… we need to think carefully about how we use scientific knowledge and data – “evidence” – in making decisions.

As he goes on to point out, cherrypicking data isn’t a substantive means of supporting your position over the long run.

Unfortunately it’s a common practice on all sides ranging from policymakers, politicians, civil society groups, consumers, medical institutions, etc. and these days we don’t have the luxury, ignorance about downsides such as pollution and chemical poisoning on a global scale for example, that previous generations enjoyed.

Three of the scientists whose work was cited by FoE as proof that nanosunscreens are dangerous either posted directly or asked Andrew to post comments which clarified the situation with exquisite care,

Despite FoE’s implications that nanoparticles in sunscreens might cause cancer because they are photoactive, Peter Dobson points out that there are nanomaterials used in sunscreens that are designed not to be photoactive. Brian Gulson, who’s work on zinc skin penetration was cited by FoE, points out that his studies only show conclusively that zinc atoms or ions can pass through the skin, not that nanoparticles can pass through. He also notes that the amount of zinc penetration from zinc-based sunscreens is very much lower than the level of zinc people have in their body in the first place. Tilman Butz, who led one of the largest projects on nanoparticle penetration through skin to date, points out that – based on current understanding – the nanoparticles used in sunscreens are too large to penetrate through the skin.

These three comments alone begin to cast the potential risks associated with nanomaterials in sunscreens in a very different light to that presented by FoE. Certainly there are still uncertainties about the possible consequences of using these materials – no-one is denying that. But the weight of evidence suggests that nanomaterials within sunscreens – if engineered and used appropriately – do not present a clear and present threat to human health.

Go to the comments section of the 2020 Science blog for the full text of Peter Dobson’s response, Brian Gulson’s response posted by Andrew on Gulson’s behalf, and Tilman Butz’s response posted by Andrew on Butz’s behalf. (I found these comments very helpful as I had made the mistake of assuming that there was proof that nanoparticles do penetrate the skin barrier [as per my posting of June 23, 2010].)

I want to point out that the stakes are quite high despite the fact that sunscreens are classified as a cosmetic. I’ve heard at least one commentator (Pat Roy Mooney of The ETC Group, Interview at 2009 Elevate Festival at 4:32) scoff because nanotechnology is being used in cosmetics as if it’s frivolous. Given the important role sunscreens play in our health these days, a safe sunscreen has to be high on the list of most people’s priorities but this leads to a question.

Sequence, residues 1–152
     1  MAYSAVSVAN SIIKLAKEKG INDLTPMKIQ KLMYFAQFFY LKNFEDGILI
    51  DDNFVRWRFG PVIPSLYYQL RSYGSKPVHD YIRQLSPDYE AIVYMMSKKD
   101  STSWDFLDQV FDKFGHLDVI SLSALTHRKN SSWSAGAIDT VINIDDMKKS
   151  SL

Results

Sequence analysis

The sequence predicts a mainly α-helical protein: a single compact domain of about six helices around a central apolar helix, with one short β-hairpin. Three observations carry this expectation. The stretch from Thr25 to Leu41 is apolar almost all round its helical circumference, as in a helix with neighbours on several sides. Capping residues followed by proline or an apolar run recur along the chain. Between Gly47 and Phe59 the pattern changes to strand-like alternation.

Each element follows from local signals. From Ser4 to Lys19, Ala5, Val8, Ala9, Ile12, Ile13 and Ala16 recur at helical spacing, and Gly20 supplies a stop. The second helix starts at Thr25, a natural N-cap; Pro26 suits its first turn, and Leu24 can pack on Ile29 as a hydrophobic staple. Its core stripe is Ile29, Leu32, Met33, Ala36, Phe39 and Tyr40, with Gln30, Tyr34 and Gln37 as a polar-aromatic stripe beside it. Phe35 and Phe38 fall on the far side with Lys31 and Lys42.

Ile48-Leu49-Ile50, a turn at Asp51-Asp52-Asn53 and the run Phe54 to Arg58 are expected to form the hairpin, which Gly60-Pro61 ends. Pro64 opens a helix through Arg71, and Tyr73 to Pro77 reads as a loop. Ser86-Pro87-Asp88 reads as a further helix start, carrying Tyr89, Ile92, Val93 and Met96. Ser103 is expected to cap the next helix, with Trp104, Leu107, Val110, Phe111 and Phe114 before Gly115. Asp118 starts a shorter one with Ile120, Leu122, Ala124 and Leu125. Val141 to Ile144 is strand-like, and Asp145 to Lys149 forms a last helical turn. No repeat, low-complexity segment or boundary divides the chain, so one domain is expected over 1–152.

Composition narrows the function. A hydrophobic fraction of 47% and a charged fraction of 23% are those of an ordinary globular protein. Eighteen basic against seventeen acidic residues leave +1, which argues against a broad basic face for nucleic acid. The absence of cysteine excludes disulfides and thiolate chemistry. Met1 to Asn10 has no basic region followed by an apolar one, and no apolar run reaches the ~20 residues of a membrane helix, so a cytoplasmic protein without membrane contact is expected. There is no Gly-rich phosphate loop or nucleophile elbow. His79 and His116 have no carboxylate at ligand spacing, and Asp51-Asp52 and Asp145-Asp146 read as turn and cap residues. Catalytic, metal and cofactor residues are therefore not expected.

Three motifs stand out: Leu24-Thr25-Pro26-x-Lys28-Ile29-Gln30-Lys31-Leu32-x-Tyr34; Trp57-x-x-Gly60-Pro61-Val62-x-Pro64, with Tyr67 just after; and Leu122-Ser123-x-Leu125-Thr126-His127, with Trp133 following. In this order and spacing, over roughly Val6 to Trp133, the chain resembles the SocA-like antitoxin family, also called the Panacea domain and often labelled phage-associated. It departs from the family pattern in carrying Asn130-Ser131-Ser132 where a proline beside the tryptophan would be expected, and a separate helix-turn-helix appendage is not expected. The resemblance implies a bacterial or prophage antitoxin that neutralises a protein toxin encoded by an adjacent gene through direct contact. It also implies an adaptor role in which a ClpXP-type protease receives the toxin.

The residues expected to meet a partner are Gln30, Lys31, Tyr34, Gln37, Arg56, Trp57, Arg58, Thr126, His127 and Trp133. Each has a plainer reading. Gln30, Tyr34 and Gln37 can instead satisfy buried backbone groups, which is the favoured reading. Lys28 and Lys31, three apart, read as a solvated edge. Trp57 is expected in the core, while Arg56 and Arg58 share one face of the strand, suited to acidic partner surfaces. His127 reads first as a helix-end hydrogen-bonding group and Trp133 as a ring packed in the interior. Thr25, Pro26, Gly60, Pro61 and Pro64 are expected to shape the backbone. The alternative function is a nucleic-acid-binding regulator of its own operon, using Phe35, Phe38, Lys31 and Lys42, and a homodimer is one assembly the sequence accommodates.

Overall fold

Should we stop developing more effective nanotechnology-enabled sunscreens (and by extension, other nanotechnology-enabled products) due to concern that we may cause more harm than good?

Andrew goes on to provide some interesting insight into the issue citing the Precautionary Principle and supplementing his comments with some of Richard Jones’ (author of Soft Machines book and blog and consultant to UK government on various nanotechnology topics) suggestions to refine the Precautionary Principle guidelines,

1. what are the benefits that the new technology provides – what are the risks and uncertainties associated with not realising these benefits?

2. what are the risks and uncertainties attached to any current ways we have of realising these benefits using existing technologies?

3. what are the risks and uncertainties of the new technology?

I strongly suggest that anyone interested in the issues around risk, the precautionary principle, emerging technologies, and the role of research read this posting (as well as its predecessors) and as much of the discussion as you can manage.

One additional thought which was posited in the comments section by Hilary Sutcliffe (you’ll need to scroll the comments as I haven’t figured out how to create a direct link to her comment) has to do with the role that companies have with regard to their research and making it available in the discussion about health, safety, and the environment (HSE),

… we need to be able to access ‘the best available information’ in order to make informed decisions in the face of uncertainty and enable the rounded assessment that Prof Richard Jones suggests. This is indeed essential, but ‘we’ are usually constrained by the lack of one very large chunk of ‘available information’ which is the HSE testing the companies themselves have done which leads them to judge the material or product they have developed is safe.

Further in the comment she goes on to discuss a project (What’s fair to share?) that her organization (MATTER) is planning where they want to discuss how companies can share their HSE data without giving away intellectual property and/or competitive advantages.

Finally, I want to paraphrase something I said elsewhere. While I am critical of the tactics used by the Friends of the Earth in this instance, there is no doubt in my mind that the organization and other civil society groups serve a very important role in raising much needed discussion about nanotechnology risks.